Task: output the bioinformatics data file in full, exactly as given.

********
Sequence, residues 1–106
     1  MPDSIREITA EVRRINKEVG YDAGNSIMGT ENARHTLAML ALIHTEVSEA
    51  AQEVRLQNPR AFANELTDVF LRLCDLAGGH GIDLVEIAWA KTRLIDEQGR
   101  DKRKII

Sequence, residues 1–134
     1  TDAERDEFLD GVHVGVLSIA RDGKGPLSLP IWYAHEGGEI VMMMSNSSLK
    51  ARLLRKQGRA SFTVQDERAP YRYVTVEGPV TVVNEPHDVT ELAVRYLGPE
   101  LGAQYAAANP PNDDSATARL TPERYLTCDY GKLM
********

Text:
Sequence, residues 1–106
     1  MPDSIREITA EVRRINKEVG YDAGNSIMGT ENARHTLAML ALIHTEVSEA
    51  AQEVRLQNPR AFANELTDVF LRLCDLAGGH GIDLVEIAWA KTRLIDEQGR
   101  DKRKII

Sequence, residues 1–134
     1  TDAERDEFLD GVHVGVLSIA RDGKGPLSLP IWYAHEGGEI VMMMSNSSLK
    51  ARLLRKQGRA SFTVQDERAP YRYVTVEGPV TVVNEPHDVT ELAVRYLGPE
   101  LGAQYAAANP PNDDSATARL TPERYLTCDY GKLM